One of the terrible things about Wintel is that businesses feel pressured to “upgrade” their PCs and licences for Wintel every few years.
"We can do this again in the future, since we have to upgrade our computers every three to four years."
see Open source to run on PCs donated by Italian bank and France's La Poste.
This has one good effect, a huge supply of older PCs at decent prices and with a long life ahead of them. These are perfect for schools, minus that other OS , it’s EULA, malware, re-re-reboots and slowing down. Of course one can re-re-reinstall that other OS to keep it going but many businesses don’t want to mess with it. Hence, the donations, possibly with a deduction for taxation…
Schools in Canada have long had the option of getting PCs from Computers For Schools, recycled from governments and businesses, but with the burden of a shiny new copy of that other OS… The right way to do this is to pave it over with GNU/Linux before it spreads. I did that to 52 machines the last place I worked. They became snappy and trouble-free as a result.
Hmmm… I just noticed this on the central CFS page:
I sent them this feedback. They promised to respond within 24h…
“I read the evaluation posted at http://www.ic.gc.ca/eic/site/ae-ve.nsf/eng/h_03511.html
I am retired but for many years I was a computer teacher and used CFS machines a lot. The programme is wonderful but deficient in one major aspect, preparing youth to thrive in an IT-intensive environment. The programme supplies schools with PCs equipped with Windows XP and optionally, Windows 7. XP is deprecated. Windows 7 is still plagued with malware and vulnerabilities, high costs and low performance. In the real world, the Wintel monopoly is not the only game in town.
It would be very useful if CFS provided other operating systems such as GNU/Linux or Android/Linux so that students will have formal training and experience in newer technology. */Linux operating systems shipped on far more computers than Windows last year. Android/Linux is everywhere on smartphones and tablets. GNU/Linux is widely used by governments and schools for exactly this purpose. GNU/Linux does not suffer the malware attacks that plague schools. I have seen thousands of instances of Windows malware but never seen any malware on hundreds of GNU/Linux PCs I have set up in schools. Further, GNU/Linux is completely configurable and can run very snappily even on PCs too old/slow to run any version of Windows. GNU/Linux is also great at networking a lab, a cluster or a whole schools. Because the licence allows copying, students can actually learn to install the OS and take copies home. It’s the perfect solution to training youth in IT.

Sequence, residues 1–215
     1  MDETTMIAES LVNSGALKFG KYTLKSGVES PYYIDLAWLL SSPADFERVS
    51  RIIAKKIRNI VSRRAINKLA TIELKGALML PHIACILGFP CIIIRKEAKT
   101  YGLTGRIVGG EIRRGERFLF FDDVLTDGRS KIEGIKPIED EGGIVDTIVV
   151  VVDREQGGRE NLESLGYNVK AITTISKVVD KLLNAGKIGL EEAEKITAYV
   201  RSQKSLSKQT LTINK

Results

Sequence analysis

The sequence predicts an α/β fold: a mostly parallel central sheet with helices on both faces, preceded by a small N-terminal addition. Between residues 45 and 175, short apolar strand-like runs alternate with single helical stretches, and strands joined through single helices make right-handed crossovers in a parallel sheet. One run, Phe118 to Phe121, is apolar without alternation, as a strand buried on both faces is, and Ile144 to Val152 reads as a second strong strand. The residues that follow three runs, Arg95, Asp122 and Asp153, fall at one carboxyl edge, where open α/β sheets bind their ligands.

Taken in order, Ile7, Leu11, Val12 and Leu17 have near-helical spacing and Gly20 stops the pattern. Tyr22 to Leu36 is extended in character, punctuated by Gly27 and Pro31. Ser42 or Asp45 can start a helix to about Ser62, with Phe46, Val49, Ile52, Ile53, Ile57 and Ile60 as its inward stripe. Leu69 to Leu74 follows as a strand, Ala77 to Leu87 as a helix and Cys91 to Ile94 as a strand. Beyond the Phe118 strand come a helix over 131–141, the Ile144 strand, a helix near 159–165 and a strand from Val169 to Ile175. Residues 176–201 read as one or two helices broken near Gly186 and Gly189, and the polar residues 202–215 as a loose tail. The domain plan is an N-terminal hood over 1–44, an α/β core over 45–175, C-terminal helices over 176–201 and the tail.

We should be preparing students for the future, not preparing them to preserve the monopoly of a convicted monopolist. It is unethical to allow a drug dealer to operate on school grounds. So should it be unethical to allow Microsoft to enslave the youth of Canada.
The last place I worked, I was giving a class in unboxing PCs and setting them up. A student responded to the performance of a brand new dual-core 64bit PC with a 512MB hard drive with “It’s so slow!” with attendant facial emphasis. She was used to working with GNU/Linux used on 8 year old PCs running as thin clients of a 4 year old GNU/Linux terminal server. On the old machines she could log in in 5 seconds and open the biggest application windows in 2s. I taught her and her classmates how to install GNU/Linux in 20 minutes. Every students in the class repeated the installation three times to gain confidence. Don’t we want all students to be able to see the difference between the standard fare found on retail shelves and a proper multi-user networked OS used by a hundred of million people around the world.
For more information on GNU/Linux see http://www.debian.org/
To see how European governments are using Free Software such as GNU/Linux see https://joinup.ec.europa.eu/news/all
An example of GNU/Linux in use is this video from YouTube made in 2005 showing children using obsolete laptops as thin clients of a GNU/Linux terminal server: